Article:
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Lost Arizona hiker hoped smoke signals would save him. Now he's been convicted of starting forest fire

Philip Powers told investigators he got lost while hiking in the Coconino National Forest. He started a fire in an attempt to get the attention of rescuers.
The Sycamore Fire burning near Sedona May 28, 2018. (Photo: Coconino National Forest)

COCONINO COUNTY, Ariz. — An Arizona hiker who started a forest fire in 2018 after he got lost has been put on probation for one year by a federal judge and ordered to pay over $293,000 in restitution.

Philip A. Powers III was found guilty earlier this month of violating fire restrictions and burning timber without a permit for actions that resulted in a forest fire that burned several acres northwest of Sedona.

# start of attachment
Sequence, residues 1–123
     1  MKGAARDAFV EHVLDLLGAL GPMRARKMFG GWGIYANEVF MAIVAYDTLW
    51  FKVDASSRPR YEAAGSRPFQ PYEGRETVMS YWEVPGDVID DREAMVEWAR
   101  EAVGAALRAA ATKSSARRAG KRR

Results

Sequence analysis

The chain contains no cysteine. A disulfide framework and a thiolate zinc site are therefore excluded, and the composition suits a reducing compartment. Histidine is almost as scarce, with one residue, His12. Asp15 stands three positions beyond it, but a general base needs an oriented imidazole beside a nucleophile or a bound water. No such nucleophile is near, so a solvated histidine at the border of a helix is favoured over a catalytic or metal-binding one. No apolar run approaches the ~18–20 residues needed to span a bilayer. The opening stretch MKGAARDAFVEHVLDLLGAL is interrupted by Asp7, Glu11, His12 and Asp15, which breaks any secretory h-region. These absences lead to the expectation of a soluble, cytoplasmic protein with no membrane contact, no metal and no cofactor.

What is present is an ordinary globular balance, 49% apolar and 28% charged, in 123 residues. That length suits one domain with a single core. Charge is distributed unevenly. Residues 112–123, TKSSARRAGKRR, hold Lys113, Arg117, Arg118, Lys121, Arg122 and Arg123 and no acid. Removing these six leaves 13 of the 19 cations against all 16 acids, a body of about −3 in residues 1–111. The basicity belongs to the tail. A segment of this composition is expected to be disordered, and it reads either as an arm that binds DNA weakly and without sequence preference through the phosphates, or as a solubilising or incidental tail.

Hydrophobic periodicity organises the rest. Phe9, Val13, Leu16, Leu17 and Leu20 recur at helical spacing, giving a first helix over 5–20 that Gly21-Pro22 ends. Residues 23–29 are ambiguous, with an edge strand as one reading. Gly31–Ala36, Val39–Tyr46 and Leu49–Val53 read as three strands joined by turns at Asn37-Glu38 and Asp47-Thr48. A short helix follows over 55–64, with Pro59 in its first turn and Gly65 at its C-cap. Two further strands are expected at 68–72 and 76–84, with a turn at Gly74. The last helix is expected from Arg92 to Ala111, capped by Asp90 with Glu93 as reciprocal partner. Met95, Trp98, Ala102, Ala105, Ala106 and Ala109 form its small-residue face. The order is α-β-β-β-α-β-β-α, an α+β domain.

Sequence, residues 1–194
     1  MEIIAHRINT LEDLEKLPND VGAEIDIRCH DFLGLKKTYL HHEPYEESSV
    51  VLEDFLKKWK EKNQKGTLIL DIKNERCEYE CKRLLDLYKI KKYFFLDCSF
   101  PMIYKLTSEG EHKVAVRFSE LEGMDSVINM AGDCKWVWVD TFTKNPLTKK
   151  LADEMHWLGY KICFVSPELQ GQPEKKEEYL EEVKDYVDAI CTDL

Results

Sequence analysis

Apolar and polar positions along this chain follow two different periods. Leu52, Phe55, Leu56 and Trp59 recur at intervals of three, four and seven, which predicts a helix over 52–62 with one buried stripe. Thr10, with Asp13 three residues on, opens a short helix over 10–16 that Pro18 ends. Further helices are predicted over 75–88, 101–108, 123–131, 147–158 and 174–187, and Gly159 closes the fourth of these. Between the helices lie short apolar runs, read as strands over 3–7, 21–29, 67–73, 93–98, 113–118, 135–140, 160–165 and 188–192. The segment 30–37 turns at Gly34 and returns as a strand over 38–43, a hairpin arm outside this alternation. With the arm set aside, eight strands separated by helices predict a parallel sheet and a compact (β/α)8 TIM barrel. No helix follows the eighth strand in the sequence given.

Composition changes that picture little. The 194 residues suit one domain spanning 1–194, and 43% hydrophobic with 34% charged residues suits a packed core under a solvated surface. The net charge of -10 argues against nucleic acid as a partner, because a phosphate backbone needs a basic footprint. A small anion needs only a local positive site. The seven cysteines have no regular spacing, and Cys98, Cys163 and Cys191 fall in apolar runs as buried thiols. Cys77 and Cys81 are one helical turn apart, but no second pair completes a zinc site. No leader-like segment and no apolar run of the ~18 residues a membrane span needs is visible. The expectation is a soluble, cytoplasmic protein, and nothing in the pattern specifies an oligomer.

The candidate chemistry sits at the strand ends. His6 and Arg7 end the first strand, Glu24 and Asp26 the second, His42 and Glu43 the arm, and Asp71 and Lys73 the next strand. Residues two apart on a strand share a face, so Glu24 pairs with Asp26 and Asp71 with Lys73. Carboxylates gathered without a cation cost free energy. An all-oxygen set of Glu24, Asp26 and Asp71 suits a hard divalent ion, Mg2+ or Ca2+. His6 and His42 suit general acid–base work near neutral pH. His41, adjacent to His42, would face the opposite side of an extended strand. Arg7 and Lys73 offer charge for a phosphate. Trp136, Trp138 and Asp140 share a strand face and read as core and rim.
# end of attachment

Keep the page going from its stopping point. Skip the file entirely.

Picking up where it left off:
U.S. District Judge Camille Bibles additionally ordered Powers to pay $293,413 in restitution to the U.S. Forest Service for the damage caused by the 2018 fires. The penalty can be paid in monthly installments of $200, according to the judge's order.

Powers has already filed an appeal of his conviction, records show.

The defendant told investigators he set out on a 17-mile hike on the morning of May 27, 2018. After passing Taylor Cabin in the Sycamore Canyon Wilderness, Powers said he lost the trail and eventually decided to hike back to the cabin.

The hiker told investigators he was running out of water and couldn't get a signal on his cell phone.

"Powers said he decided to start a fire, make some smoke, and hoped one of the planes flying over would see the smoke and call for help," investigators wrote in court records.

Powers admitted to starting multiple fires before he was spotted and rescued, court records show.

The U.S. Forest Service determined Powers was negligent for not bringing an adequate amount of supplies for a 17-mile hike, resulting in prosecutors filing criminal charges in federal court.

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